Before your clients migrate to modern accounting software, help them get ready. Point them to good webinars (video seminars), forums, blog posts and user guides. Be careful not to overwhelm them, however. If you send too many references, it will start to make this seem like hard work.
- Hold training sessions
Consider inviting other clients to your office to demonstrate the software using dummy data. Your late adopters will relate to them as fellow small business owners and they’ll be encouraged by their success. It’ll help make them comfortable before moving their own business accounts.
- Make sure you and your employees are ready
Understand that there will be some issues along the way. Prepare your staff for these. Be ready to handle calls or emails from confused clients. Don’t take it personally if they show signs of frustration.
- Call upon the tech-savvy to lead the charge
It's not always the case, but older people can be less adaptable to new technology. Consider asking your late-adopter clients to nominate a young, keen staff member to lead their transition to accounting software.
- Be understanding, but be firm
It's important to draw a distinction between business support and technical support. You’re there to help your clients manage their finances. You’re not their software support team. So if a client is calling repeatedly with software queries, refer them to the accounting software company.
- Ask for help when you need it
Talk to the cloud accounting software company. Get their advice and help on transitioning new customers. It's something they'll have done thousands of times before. They'll have advice and training materials to ease the transition.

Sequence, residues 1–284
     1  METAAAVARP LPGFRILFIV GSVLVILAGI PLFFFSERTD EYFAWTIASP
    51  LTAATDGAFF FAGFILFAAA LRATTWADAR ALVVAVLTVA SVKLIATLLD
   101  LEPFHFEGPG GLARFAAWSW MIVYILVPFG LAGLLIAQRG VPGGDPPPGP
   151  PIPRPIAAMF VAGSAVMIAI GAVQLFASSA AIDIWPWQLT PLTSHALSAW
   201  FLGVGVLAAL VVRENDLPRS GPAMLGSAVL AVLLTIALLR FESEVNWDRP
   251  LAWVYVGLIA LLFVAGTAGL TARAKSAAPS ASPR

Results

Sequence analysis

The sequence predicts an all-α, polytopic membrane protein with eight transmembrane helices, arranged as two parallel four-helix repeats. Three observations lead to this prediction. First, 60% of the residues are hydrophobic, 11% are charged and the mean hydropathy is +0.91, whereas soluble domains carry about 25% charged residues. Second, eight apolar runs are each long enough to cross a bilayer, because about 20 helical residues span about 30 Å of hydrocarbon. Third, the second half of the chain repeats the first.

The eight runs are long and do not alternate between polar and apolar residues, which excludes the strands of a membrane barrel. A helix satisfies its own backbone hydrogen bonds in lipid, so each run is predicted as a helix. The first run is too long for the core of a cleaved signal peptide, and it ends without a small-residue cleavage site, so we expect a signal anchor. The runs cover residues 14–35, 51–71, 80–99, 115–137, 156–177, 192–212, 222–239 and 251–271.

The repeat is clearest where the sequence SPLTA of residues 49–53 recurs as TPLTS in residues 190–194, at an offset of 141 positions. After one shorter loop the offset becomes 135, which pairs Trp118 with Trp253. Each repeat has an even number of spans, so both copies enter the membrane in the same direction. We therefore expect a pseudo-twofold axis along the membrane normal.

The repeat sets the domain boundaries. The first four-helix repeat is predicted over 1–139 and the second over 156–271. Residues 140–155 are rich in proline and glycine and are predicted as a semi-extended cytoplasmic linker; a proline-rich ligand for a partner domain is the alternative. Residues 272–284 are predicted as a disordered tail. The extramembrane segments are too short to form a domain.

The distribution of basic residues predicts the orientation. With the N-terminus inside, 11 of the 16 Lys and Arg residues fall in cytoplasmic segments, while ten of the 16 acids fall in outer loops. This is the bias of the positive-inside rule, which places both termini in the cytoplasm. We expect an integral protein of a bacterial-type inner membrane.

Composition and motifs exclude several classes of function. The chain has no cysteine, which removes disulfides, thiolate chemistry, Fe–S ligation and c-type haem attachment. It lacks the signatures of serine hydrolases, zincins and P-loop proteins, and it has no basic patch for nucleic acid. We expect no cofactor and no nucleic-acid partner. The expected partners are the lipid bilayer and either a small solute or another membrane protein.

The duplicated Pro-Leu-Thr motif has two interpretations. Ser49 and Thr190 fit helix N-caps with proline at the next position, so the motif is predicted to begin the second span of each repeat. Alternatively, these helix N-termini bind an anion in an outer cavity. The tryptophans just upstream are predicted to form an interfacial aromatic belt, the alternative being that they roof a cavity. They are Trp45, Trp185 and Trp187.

Helping clients adopt technology and move to the cloud
You already know clients have differing appetites for new technology. But these scientific models can help you create a strategy for moving them all to the cloud. Classify clients into groups and start with the most technologically progressive. Use successes with the early adopters to encourage more sceptical or anxious clients.
Prepare for a bigger job with late adopters but realize that – once they’re over the hump – they’ll repay you with loyalty. Plus you’ll be able to service the account more efficiently, which will boost profitability in the longer term.
As you go through this process, document your learnings and develop formal processes for introducing new technologies. It could become a whole new revenue stream. After getting clients onto the cloud, you can start to look at connecting to other business software. There are hundreds of add-on apps that can further streamline their business, such as inventory management, project management, time recording and more.